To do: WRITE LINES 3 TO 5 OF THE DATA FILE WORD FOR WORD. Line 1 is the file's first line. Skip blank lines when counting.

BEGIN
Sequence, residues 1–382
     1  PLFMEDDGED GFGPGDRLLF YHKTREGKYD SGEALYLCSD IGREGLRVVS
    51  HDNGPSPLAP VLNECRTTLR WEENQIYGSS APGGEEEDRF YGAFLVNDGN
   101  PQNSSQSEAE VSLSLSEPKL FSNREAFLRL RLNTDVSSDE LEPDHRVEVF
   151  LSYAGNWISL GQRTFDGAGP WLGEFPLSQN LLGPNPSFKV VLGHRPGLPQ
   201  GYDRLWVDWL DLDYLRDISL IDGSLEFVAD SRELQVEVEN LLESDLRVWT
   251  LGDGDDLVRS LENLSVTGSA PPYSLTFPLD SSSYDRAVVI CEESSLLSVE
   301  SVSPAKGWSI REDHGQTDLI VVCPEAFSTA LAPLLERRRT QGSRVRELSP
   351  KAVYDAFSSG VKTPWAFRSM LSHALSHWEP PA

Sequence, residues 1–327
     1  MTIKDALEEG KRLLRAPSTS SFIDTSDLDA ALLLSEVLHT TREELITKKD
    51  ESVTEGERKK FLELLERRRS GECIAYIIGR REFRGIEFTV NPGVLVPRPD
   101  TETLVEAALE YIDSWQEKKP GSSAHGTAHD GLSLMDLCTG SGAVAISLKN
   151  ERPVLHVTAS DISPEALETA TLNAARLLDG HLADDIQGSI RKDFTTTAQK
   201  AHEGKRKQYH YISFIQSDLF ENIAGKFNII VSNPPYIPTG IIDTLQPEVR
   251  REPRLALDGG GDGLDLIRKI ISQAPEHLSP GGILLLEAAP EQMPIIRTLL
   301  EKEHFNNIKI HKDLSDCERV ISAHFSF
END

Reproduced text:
    51  HDNGPSPLAP VLNECRTTLR WEENQIYGSS APGGEEEDRF YGAFLVNDGN
   101  PQNSSQSEAE VSLSLSEPKL FSNREAFLRL RLNTDVSSDE LEPDHRVEVF
   151  LSYAGNWISL GQRTFDGAGP WLGEFPLSQN LLGPNPSFKV VLGHRPGLPQ